1 Once more Jesus spoke to them in parables: 2 “The kingdom of heaven may be compared to a king who gave a wedding banquet for his son. 3 He sent out his slaves to summon those invited to the banquet, but they didn’t want to come. 4 Again, he sent out other slaves, and said, ‘Tell those who are invited: Look, I’ve prepared my dinner; my oxen and fattened cattle have been slaughtered, and everything is ready. Come to the wedding banquet.’ 5 “But they paid no attention and went away, one to his own farm, another to his business. 6 And the others seized his slaves, treated them outrageously and killed them. 7 The king was enraged, so he sent out his troops, destroyed those murderers, and burned down their city. 8 “Then he told his slaves, ‘The banquet is ready, but those who were invited were not worthy. 9 Therefore go to where the roads exit the city and invite everyone you find to the banquet.’ 10 So those slaves went out on the roads and gathered everyone they found, both evil and good. The wedding banquet was filled with guests.
As you reach your mid-twenties and thirties, you start getting a bunch of wedding invitations. Because your friends are getting married. If it’s your best friend or sibling and you are in the wedding party as a bridesmaid or a groomsman, then you couldn’t be happier. You’d drop everything to be there to support them. Because you’re close to the person getting married. But if it’s a tier 2 friend, maybe you are buddy buddy over facebook, you’re great virtual friends, but you are not really close in real life. You haven’t seen this person in a few years face to face and you get an invitation to their wedding, then what do you do? Honestly, you don’t really want to go, but when the person calls you to invite you, you say, yeah, great, I’ll be there. You want to be polite. Then the invitation comes in the mail and you don’t RSVP. And at the very last minute, a week before the wedding, you conveniently send your friend an email, hey, man, sorry, something came up. My dog is really sick. I can’t make it.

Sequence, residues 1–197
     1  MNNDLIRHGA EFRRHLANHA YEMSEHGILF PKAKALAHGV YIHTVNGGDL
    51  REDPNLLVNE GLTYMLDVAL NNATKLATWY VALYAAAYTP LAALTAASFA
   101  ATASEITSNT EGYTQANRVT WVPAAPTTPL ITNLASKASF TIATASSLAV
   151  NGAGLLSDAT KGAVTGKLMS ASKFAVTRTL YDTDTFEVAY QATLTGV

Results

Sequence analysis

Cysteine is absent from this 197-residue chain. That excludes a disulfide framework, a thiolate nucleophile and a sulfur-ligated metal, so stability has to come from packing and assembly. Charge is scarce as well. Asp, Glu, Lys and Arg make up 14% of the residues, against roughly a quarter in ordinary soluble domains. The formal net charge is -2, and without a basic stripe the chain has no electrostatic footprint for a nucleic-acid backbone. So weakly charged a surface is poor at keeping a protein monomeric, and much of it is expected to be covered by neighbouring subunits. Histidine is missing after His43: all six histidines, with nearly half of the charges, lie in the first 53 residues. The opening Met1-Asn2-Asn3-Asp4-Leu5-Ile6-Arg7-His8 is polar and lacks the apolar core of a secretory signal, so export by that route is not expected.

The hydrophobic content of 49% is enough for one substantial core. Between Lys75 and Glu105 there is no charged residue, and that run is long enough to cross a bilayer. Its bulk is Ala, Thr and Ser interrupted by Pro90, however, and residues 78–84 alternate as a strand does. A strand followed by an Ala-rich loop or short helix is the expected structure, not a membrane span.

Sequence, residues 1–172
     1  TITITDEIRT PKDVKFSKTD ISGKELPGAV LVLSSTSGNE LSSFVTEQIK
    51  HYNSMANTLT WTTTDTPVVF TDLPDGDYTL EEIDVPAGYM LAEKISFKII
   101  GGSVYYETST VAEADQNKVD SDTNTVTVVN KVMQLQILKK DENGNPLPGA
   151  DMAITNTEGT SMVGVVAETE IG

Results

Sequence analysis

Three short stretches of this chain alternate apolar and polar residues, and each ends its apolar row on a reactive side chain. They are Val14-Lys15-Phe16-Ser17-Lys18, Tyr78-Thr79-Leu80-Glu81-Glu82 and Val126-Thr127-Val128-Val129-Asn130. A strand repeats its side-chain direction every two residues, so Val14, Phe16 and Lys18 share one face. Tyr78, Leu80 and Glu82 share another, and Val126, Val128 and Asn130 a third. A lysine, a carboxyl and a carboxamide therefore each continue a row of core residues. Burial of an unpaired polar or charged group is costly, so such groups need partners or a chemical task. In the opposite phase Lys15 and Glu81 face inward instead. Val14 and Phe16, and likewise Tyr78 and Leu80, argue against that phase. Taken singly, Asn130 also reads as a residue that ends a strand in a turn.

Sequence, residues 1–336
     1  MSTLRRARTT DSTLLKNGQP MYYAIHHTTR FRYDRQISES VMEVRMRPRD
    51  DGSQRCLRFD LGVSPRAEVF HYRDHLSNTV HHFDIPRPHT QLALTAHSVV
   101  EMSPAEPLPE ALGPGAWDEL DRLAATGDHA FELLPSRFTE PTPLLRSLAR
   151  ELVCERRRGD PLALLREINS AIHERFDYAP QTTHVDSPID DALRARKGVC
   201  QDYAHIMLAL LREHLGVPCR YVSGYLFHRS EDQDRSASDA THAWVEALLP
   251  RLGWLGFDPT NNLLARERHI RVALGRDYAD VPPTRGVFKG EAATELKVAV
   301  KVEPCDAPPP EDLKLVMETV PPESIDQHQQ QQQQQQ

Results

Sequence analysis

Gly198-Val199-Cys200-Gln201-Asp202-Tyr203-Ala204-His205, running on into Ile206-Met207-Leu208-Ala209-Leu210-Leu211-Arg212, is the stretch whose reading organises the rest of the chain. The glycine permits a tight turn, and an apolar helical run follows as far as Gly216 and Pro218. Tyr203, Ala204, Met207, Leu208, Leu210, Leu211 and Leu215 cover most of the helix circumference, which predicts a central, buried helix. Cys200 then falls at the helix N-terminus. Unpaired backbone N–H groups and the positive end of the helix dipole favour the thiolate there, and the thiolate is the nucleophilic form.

Come on, you’ve all done that, right? Again, if it’s a family member or a close friend and they invite you to their wedding, of course, you’d be there. It’s not even a question. But if you receive a wedding invitation from a six-degrees-of-separation, tier 2 facebook friend, you don’t really want to go. It depends on the level of relationship you have with the person.
Simple principle. We attend things we value. And we attend things hosted by people we value. If President Obama invites you to the White House to congratulate you on some achievement, I don’t think you would turn down the event. Because it would be such an honor to meet him. If you love the Lakers and Kobe Bryant invites you to his home because he picked you at random out of millions of fans to have dinner, I doubt you would turn down the invitation. Because you love basketball and Kobe is your idol. If you are Brother Andre up in the balcony and one of his heroes of mathematics invited him to a private tutoring session, I think Andre would faint from disbelief.
When I was at the Desiring God conference a week before my ordination 2 years ago and I was standing in front of Pastor John Piper, I suddenly forgot how to speak. We were in line because we wanted to take a picture with him and then ask for prayers. And instead of saying, Pastor John, do you mind taking a picture with us, I said, Mister John, not Pastor John, but Mr. John, do you mind taking a piper with us? I was so embarrassed. It’s because I was in the presence of a godly man whom I admire.